DURING THANKSGIVING WEEK, 2021, the soap opera world lost one of the most memorable, electrifying actors ever to grace the daytime screen: Lisa Brown passed away at 67 after a brief illness. To many viewers, this loss was a great shock, as Brown epitomized agelessness and vitality. Brown set the TV screen on fire in her unforgettable role of the irrepressible social climber Nola Reardon on Guiding Light. In a year that has witnessed the loss of numerous talents on stage and screen, including Broadway legend Stephen Sondheim, why does the loss of Brown hurt so specifically?
One reason could be that Brown always delivered fearless performances as the ambitious Nola Reardon. Brown joined Guiding Light in early 1980s as Nola Reardon, a grasping teenager who longed to escape her humble origins as one of seven children living in a boardinghouse in Midwestern Springfield, wanting to enjoy a more glamorous, adventurous life. Even with all the enormous fanfare of the romance of rival soap General Hospital, Brown mesmerized viewers as Nola, who engaged in one scheme after another to break up the show’s own supercouple. When Guiding Light transformed Nola from a villainess into a heroine who was half of her own supercouple, paired with wealthy archaeologist Quint McCord Chamberlain (played by Michael Tylo, who passed away mere months before Brown’s passing this year), Brown’s popularity continued to soar. Already a Broadway vet, Brown at one point played Nola while assuming the role of Peggy Sawyer in 42nd Street. Brown would play the character of Nola for five years, with a few returns to show during the remainder of the show’s run, including its final week on the air in September 2009.
Perhaps another reason is that Brown, through her performance of Nola, reflected the struggles of members of the LGBTQ community to live fully authentic lives. Nola was constantly criticized by her mother and her siblings for not wanting to settle for a quiet lower-middle-class life, especially when Nola dumped her boring baby daddy Floyd Parker (played by Brown’s ex-husband Tom Nielsen) on their wedding day, choosing not to settle down with Floyd for convenience’s sake. Nola grew tired of apologizing for being “born different” than the rest of her family and decided to forge a more independent life of her own, pursuing excitement through her working relationship and eventually her marriage to the more sophisticated, worldly Quint.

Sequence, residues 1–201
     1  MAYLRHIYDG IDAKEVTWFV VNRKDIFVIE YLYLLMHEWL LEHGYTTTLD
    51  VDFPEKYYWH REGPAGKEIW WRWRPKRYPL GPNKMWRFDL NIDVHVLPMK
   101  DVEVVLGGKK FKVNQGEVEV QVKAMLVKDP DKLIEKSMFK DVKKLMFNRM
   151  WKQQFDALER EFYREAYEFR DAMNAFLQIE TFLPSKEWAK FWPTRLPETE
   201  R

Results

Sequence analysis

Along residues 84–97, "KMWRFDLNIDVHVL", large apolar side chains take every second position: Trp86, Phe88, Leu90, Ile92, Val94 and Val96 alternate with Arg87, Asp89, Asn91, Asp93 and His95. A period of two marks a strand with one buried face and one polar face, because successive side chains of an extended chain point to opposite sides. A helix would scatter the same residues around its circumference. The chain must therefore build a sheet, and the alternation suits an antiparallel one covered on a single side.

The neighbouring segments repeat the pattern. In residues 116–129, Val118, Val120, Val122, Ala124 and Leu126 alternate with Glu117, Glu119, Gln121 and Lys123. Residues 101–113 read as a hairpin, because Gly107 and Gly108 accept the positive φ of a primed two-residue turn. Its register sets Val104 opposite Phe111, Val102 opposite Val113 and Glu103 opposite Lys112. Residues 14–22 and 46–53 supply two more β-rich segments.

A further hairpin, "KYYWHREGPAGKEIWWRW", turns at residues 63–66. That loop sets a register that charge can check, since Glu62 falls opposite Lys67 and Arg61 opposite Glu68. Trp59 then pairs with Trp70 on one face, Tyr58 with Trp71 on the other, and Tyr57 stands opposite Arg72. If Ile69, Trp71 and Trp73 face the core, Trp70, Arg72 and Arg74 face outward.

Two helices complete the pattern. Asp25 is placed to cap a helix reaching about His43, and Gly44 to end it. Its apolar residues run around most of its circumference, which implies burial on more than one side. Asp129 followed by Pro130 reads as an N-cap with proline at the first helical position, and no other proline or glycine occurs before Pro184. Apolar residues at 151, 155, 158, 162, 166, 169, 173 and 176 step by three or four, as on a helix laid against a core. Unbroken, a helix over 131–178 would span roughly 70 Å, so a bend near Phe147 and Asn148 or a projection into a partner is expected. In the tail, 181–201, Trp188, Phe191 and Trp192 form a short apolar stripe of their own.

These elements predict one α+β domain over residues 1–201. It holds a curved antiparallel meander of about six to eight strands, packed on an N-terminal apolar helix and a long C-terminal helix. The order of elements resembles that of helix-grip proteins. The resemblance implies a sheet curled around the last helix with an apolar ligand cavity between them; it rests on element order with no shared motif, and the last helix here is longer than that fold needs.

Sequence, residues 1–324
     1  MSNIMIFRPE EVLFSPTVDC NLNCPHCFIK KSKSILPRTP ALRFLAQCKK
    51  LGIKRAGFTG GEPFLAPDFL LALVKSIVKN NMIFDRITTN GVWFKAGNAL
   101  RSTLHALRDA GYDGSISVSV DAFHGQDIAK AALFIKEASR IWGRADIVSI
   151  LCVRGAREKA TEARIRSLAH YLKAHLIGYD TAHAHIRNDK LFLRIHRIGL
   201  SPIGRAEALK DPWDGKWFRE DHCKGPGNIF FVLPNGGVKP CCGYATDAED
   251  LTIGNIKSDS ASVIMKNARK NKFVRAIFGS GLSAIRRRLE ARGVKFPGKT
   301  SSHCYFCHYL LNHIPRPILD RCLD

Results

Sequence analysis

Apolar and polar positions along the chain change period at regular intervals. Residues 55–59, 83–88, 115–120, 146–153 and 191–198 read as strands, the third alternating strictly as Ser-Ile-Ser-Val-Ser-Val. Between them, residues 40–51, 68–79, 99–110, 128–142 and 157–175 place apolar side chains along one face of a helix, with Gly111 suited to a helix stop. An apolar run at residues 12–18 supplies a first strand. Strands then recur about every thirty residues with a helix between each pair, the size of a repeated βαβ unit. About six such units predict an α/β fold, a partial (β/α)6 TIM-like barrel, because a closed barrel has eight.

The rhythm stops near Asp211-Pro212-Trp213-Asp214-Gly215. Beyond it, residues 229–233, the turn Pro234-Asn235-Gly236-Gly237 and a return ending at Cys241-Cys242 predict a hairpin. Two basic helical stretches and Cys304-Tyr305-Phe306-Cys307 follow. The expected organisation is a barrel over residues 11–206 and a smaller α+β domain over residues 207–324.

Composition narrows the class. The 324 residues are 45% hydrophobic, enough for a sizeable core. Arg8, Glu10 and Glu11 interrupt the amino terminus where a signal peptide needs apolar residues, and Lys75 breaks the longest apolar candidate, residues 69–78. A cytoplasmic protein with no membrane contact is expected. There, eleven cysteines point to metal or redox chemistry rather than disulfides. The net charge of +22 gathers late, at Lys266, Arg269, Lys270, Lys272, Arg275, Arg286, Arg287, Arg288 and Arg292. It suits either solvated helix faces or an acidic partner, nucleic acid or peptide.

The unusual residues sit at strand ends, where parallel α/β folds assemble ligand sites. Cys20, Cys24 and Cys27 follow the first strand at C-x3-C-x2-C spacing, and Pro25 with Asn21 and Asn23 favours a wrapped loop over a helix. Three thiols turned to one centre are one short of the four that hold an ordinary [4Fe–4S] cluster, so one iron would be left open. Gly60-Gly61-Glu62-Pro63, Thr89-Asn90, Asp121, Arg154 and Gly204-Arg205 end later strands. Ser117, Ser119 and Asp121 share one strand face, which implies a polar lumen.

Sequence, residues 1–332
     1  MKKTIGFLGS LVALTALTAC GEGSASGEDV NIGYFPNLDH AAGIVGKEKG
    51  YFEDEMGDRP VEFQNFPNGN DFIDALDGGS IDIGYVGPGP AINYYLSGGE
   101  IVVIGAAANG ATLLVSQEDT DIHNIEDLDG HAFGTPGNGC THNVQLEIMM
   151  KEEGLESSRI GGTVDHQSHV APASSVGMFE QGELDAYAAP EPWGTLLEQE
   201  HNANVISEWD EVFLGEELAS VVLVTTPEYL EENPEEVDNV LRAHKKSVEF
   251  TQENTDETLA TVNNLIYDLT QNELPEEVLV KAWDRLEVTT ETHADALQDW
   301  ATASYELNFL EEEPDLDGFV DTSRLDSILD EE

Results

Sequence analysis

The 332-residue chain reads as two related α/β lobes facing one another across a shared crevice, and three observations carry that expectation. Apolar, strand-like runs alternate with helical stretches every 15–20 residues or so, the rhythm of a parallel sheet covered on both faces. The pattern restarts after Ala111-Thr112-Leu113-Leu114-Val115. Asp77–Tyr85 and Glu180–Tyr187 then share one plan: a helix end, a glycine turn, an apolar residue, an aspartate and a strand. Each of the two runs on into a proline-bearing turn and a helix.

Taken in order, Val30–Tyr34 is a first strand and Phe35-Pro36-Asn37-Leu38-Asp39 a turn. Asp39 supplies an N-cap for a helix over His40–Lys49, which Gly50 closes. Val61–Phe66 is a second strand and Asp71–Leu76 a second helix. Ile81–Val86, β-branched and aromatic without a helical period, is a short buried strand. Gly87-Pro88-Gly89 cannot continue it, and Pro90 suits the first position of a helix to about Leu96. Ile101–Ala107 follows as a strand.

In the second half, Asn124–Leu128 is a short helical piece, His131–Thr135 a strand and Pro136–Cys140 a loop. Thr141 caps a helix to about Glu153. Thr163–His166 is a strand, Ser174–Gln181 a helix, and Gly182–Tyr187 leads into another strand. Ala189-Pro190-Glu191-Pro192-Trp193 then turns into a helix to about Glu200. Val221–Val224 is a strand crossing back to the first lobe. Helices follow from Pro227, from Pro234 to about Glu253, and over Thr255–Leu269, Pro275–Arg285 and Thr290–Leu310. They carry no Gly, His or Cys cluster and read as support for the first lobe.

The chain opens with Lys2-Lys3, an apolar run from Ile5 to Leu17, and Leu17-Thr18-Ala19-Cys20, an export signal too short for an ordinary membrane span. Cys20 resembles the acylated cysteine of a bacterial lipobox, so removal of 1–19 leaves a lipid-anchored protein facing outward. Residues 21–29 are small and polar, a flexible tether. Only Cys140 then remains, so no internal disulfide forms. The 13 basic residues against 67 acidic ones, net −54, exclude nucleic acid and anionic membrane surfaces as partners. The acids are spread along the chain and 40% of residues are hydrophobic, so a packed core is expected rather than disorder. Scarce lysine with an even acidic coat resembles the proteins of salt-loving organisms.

The show’s head writer at the time, legendary soap scribe Douglas Marland, used Nola’s love for old movies and Brown’s own leading lady appeal, by creating vividly performed movie sequences. Viewers thoroughly enjoyed Brown’s performances in classic movie roles, ranging from Dorothy in The Wizard of Oz to Charlotte Vale, the spinster turned swan in Now, Voyager, played in the actual movie by none other than Bette Davis. Davis in fact wrote to Guiding Light to compliment Brown on her amazing movie-inspired performers. Another actor from Hollywood’s Golden Age, Joan Bennett, had a cameo in the show in 1982 and was similarly impressed by Brown’s portrayal of Nola. Especially through Nola’s cinematic fantasies, Brown in her breathtaking performances encouraged viewers, including LGBTQ audience members, to dream, to soar, to live life to the fullest, to be their most unapologetic, authentic selves.
Brown was obviously one of Marland’s favorite performers, as shown by the factthat once he became the head writer of As The World Turns in 1985 (a position he held until his untimely death in 1993), Brown was cast as Iva Snyder, a have-not heroine, giving similarly powerful performances. However, some of Brown’s most unforgettable performances were her quieter ones in which she was a supportive, nonjudgmental friend to other characters. In 1988, Marland introduced the character of handsome fashion designer Hank Eliot (Brian Starcher) to the Oakdale canvas. Iva entertained having a relationship with the kind, attractive Hank, only to be disappointed when Hank gently rejected her romantic overtures at the famous Snyder pond and revealed that he was gay. In sensitively written scenes conveyed through wonderfully nuanced performances by Brown and Starcher, Iva assured Hank that though she was disappointed, she would always be a loyal friend and confidante for him and that their friendship would remain.
Albeit in different ways, whether intentionally or not, Brown as both Nola on Guiding Light and Iva on As the World Turns seemed to inhabit the voice of love and acceptance. Beyond the TV screen, according to Michael Fairman TV, Brown was a regular performer at the annual “Night of the Daytime Stars” benefit for AMFAR at the height of the AIDS pandemic.
Thank you, Lisa Brown, for your unforgettable contributions as a performer and for being a voice of the LGBTQ community, on and off the screen. You will be greatly missed.